The dollar is beginning to trade under pressure as U.S. data begins to ease. A stronger than normal second quarter GDP report, will likely be followed by easing growth in Q3. Trade sanction are beginning to take their toll on U.S. manufacturing data. Retail sales for June was in line with expectations, but this data is now in the rear-view mirror. The Fed is projected to continue to raise interest rates, but the pace could be slowed by weakening U.S. data which would weigh on the U.S. dollar.
Manufacturing Sentiment is Peaking
While the U.S. economy is robust, it appears that trade concerns have eroded some manufacturing confidence. The U.S. July Empire State manufacturing index fell 2.4 points to 22.6, reversing about half of the 4.9 point increase to 25.0 in June. The index was at 12.7 last July, which means that it nearly doubled year over year. The June print was the highest since October’s 28.1 which compares to the cycle high of 33.2 in October 2009 and expansion low of -16.9 in February 2016. U.S. manufacturing sentiment is at the upper end of the range, and there is no sign from the Fed that they plan to slow down their normalization of interest rate increases.
The employment component slipped to 17.2 from 19.0, while the workweek dropped to 5.6 from 12.0. New orders dipped to 18.2 from 21.3. Prices paid fell to 42.7 from 52.7, with prices received at 22.2 from 23.3. The 6-month general business activity index declined to 31.1 from 38.9, with employment at 24.2 from 25.9, with new orders at 37.2 from 33.4. Prices paid fell to 48.7 from 51.2, with prices received at 28.2 from 27.1. Capital expenditures declined to 17.1 from 27.1. The entire report shows a decline in sentiment to start the Q3.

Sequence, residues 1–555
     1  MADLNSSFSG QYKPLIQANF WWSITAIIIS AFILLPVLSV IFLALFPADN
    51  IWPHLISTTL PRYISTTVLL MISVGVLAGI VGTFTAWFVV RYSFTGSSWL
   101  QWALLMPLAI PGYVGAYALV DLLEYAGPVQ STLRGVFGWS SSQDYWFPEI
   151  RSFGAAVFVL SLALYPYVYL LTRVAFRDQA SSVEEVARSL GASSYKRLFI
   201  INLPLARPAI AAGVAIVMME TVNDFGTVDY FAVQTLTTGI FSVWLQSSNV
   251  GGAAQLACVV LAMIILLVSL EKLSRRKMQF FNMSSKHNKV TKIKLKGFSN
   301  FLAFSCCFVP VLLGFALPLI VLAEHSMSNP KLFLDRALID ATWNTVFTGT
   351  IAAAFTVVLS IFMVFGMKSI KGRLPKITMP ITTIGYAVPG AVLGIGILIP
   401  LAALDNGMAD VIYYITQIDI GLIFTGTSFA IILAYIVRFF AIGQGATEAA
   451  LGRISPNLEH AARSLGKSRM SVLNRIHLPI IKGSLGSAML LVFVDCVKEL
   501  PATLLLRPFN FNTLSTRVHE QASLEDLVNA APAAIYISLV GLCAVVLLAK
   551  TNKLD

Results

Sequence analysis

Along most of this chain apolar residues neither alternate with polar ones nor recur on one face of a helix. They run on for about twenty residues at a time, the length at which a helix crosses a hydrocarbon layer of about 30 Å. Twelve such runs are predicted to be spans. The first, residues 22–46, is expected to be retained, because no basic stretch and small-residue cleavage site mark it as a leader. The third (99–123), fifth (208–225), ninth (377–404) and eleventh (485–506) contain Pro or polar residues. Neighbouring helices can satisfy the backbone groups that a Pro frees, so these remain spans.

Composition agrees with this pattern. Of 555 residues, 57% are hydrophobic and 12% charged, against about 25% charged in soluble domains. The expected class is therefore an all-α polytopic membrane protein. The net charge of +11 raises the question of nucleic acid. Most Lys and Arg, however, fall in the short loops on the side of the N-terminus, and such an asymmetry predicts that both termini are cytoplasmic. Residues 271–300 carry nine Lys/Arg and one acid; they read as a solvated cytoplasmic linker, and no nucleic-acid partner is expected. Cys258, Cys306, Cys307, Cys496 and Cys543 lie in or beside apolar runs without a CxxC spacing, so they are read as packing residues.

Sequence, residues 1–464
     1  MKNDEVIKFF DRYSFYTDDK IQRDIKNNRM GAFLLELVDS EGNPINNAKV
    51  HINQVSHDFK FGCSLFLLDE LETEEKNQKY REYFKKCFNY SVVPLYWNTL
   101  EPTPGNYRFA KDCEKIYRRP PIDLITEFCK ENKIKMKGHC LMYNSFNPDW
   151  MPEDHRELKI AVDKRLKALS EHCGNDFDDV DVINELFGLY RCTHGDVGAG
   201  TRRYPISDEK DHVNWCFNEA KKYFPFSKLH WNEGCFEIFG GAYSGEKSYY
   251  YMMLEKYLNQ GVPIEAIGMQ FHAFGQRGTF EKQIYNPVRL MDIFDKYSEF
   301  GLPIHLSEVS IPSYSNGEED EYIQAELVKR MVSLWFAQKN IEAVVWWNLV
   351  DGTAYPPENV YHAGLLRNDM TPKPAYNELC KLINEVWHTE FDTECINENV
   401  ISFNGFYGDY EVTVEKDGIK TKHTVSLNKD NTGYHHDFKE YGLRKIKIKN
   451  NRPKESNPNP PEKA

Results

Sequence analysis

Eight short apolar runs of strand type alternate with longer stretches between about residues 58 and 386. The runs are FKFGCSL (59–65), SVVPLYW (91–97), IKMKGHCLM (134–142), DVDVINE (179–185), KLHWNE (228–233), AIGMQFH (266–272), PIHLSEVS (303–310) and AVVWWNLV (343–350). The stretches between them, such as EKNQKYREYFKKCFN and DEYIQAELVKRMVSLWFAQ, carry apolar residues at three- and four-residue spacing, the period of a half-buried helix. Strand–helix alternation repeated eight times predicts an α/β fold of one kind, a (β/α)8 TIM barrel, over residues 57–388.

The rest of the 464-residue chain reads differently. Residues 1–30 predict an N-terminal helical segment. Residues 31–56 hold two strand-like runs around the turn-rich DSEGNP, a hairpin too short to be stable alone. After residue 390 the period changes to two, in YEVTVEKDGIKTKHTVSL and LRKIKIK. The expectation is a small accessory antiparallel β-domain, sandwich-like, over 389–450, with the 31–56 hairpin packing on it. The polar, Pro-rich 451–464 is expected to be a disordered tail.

Growth in the Past Was Strong
Atlanta Fed’s Q2 GDPNow estimate boosted to 4.5%. The increase to this level is approximately .5% above Wall Street estimates. The Atlanta Fed also sees Q2 consumer spending up 0.4% to 3.1% following the Commerce Departments June retail sales report. The GDP now model also sees government spending growth increasing to 5.6% from 1.4% in the prior quarter.
Retail Sales Were in Line but May was Revised Higher
The bump in Q2 growth prospects are predicated in strong retail sales growth for May and June. Retail sales increased in June by 0.5% and rose by 0.4% excluding autos. Sales excluding both autos and gasoline along with building materials increased by 0.2% compared to 1.1% in May.
Automobile parts and vehicle sales rose by 0.9%. Gasoline sales rose by 1%, after climbing by 3% in May. Sales are based on price and volume and the recent increase in price has driven the total value higher. In addition, online sales rose 1.3% from 0.4% in May which continues to perpetuate the rise of internet sales.
While it appears that there was strong growth at the end of the Q2, the Q3 has started slowly. Manufacturing sentiment is lower, which has started to weigh on the dollar. While the Fed is likely to continue to normalize interest rates, investors who trade online are likely to focus on forward looking sentiment numbers to determine the direction of the greenback.